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long wire to transistor base

Discussion in 'General Electronics Discussion' started by zivbarlas, Apr 30, 2013.

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  1. zivbarlas

    zivbarlas

    2
    0
    Apr 30, 2013
    hello,
    im building an instrument for testing the circuit shown in the attached image. when pin x is open, the transistor is on and i see 0v in pin Y. But, when i connect a wire to pin x (6 feet wire), in order to test it, the transistor never turns on. when i disconnect the wire, the circuit works perfectly. the 6 feet wire is disconnected on its other side.

    what can be the problem? and how can i solve it without removing the cable?

    thanks

    circuit.png
     
  2. Harald Kapp

    Harald Kapp Moderator Moderator

    11,532
    2,656
    Nov 17, 2011
    The wire alone, if really not connected to anything else, should not be able to turn off the transistor.
    Have you measured the voltage from base to emitter of the transistor both with and without the wire attached? It should be approx. 0.6V in both cases.
     
  3. CDRIVE

    CDRIVE Hauling 10' pipe on a Trek Shift3

    4,960
    652
    May 8, 2012
    Do you have a connector on the far end of the cable? If you do it's probably shorted and that's easy for a nube to do if it's a 1/8" mini-plug.

    Yes, these are assumptions because there aren't many suspects here.

    Chris
     
  4. zivbarlas

    zivbarlas

    2
    0
    Apr 30, 2013
    hi,

    thanks for replies.

    Harald, i measured the voltage from base to emitter of the transistor both cases. without the cable connected, i see 0.7v, but when i connect the cable i see small negative voltage (-50mv~).

    CDRIVE, im sure the cable in completly disconnected and not shorted. i even connected external cable instead of the original cable to check this issue,,, same problem.
     
  5. CDRIVE

    CDRIVE Hauling 10' pipe on a Trek Shift3

    4,960
    652
    May 8, 2012
    Grabbing at straws here because what you're describing is mind boggling. Please re-post the schematic with the collector resistor value and the transistor part number included. Also, is the collector circuit being sourced by that same 15V rail as shown for the base bias?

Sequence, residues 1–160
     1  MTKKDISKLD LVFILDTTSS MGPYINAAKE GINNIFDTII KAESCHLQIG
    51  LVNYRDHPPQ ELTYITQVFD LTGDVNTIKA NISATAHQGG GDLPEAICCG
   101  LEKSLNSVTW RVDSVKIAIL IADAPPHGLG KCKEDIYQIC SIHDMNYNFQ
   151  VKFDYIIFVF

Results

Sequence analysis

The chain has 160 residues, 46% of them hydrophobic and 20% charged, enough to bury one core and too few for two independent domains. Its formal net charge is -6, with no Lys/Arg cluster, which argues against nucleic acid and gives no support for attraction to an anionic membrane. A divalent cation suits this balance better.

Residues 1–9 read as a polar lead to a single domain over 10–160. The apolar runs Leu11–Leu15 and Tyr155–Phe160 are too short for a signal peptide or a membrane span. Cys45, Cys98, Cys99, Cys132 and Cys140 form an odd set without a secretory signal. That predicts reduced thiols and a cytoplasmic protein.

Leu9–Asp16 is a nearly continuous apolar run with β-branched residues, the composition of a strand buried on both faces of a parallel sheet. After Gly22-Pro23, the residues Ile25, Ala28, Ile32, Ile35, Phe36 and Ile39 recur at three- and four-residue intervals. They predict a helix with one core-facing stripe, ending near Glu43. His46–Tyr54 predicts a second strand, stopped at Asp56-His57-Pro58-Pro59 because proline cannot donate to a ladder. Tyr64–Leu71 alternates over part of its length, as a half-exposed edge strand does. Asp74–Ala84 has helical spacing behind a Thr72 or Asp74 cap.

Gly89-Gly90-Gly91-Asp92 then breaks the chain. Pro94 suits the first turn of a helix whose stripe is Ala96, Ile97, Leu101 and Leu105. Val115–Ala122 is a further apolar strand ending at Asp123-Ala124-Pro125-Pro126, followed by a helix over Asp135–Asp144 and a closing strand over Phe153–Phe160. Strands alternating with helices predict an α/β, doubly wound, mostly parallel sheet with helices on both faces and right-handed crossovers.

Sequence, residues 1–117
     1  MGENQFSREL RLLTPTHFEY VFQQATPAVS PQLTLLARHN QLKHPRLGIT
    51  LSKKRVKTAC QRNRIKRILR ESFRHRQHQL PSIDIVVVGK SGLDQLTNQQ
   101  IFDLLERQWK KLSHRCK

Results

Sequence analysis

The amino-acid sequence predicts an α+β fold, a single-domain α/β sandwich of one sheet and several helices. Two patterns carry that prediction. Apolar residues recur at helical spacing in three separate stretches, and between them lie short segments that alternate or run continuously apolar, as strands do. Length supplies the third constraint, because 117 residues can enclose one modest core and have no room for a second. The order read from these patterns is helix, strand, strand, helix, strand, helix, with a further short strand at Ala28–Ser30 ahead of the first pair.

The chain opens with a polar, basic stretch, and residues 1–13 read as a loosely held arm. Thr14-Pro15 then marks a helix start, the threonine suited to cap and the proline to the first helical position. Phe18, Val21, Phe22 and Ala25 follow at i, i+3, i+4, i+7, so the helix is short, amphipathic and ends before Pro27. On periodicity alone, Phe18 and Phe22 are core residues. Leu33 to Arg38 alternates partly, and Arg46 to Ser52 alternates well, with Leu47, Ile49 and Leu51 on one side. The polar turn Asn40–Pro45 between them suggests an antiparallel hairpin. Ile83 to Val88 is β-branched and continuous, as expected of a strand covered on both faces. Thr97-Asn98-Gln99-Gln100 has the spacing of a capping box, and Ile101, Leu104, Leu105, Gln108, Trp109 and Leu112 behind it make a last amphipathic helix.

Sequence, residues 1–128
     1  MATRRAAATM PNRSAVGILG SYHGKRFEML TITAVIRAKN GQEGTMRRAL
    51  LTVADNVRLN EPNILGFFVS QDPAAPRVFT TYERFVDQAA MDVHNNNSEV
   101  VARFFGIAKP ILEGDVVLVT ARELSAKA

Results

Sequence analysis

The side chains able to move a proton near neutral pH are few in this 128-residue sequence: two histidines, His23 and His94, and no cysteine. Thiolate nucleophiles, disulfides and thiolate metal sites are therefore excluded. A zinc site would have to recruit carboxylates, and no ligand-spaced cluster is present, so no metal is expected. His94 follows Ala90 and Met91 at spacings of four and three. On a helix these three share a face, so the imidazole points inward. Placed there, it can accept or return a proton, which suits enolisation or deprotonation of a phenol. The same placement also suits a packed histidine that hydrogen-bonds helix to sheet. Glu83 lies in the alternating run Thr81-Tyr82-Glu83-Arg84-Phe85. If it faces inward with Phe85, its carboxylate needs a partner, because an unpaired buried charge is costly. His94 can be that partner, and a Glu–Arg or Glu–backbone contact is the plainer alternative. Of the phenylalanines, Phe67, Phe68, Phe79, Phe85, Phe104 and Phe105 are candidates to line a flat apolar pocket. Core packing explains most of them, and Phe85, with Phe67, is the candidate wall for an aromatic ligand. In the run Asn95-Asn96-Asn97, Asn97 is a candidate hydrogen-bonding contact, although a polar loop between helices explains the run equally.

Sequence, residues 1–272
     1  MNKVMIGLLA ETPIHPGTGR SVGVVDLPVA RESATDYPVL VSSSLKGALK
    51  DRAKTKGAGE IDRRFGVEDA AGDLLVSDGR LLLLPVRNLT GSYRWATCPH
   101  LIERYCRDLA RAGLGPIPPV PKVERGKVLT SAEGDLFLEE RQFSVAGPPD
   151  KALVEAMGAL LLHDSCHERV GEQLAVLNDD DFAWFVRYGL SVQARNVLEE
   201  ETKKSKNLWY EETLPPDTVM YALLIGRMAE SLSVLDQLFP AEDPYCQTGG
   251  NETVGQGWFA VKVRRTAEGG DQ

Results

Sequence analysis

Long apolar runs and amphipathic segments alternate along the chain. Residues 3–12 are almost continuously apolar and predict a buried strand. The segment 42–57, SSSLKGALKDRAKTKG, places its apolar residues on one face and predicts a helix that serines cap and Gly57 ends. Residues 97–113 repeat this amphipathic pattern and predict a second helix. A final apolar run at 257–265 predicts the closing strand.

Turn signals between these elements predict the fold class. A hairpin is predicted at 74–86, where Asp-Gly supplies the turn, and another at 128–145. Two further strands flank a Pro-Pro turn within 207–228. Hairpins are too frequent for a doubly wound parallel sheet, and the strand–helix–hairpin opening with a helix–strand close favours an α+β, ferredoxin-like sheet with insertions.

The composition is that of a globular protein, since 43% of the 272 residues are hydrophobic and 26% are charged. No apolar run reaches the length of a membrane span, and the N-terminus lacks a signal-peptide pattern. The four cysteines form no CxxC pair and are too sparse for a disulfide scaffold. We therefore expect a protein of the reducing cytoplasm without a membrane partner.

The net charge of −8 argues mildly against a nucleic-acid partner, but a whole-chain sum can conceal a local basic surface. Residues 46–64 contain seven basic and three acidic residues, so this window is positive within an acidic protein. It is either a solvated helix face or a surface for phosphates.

Chris
     
    Last edited: May 1, 2013
  6. Raven Luni

    Raven Luni

    798
    8
    Oct 15, 2011
    My money's on the collector and base resistor values. I've been caught out by this before. If you want to use a transistor as a switch, drive it well into saturation otherwise any current on the collector might not be enough to switch future stages.
     
  7. CDRIVE

    CDRIVE Hauling 10' pipe on a Trek Shift3

    4,960
    652
    May 8, 2012
    Understood but I can't conceive how 6 feet of cable could manifest this. Maybe he's sitting in the field of a transmitter?? :confused:

    Chris
     
  8. BobK

    BobK

    7,682
    1,688
    Jan 5, 2010
    Actually I would expect to see a nice 60Hz signal at the output when the 6 foot wire is connected, but certainly not turning the transistor off.

    Bob
     
  9. Raven Luni

    Raven Luni

    798
    8
    Oct 15, 2011
    Just reread the post - hadnt noticed the part about it being disconnected. When you say disconnected did mean like actually not touching anything or did you actually mean grounded??
     
  10. CDRIVE

    CDRIVE Hauling 10' pipe on a Trek Shift3

    4,960
    652
    May 8, 2012
    Unfortunately the transistor and collector load is as yet unknown . I know It's assuming too much but if it's a small signal transistor I would expect it to be saturated or near it. With a 15V bias supply and 10K base resistor Ib= 1.4mA. It would take quite a bit of 60Hz hum to overcome this forward bias and show up on the collector.

    I certainly hope that he doesn't vanish. I need to know!

    Chris
     
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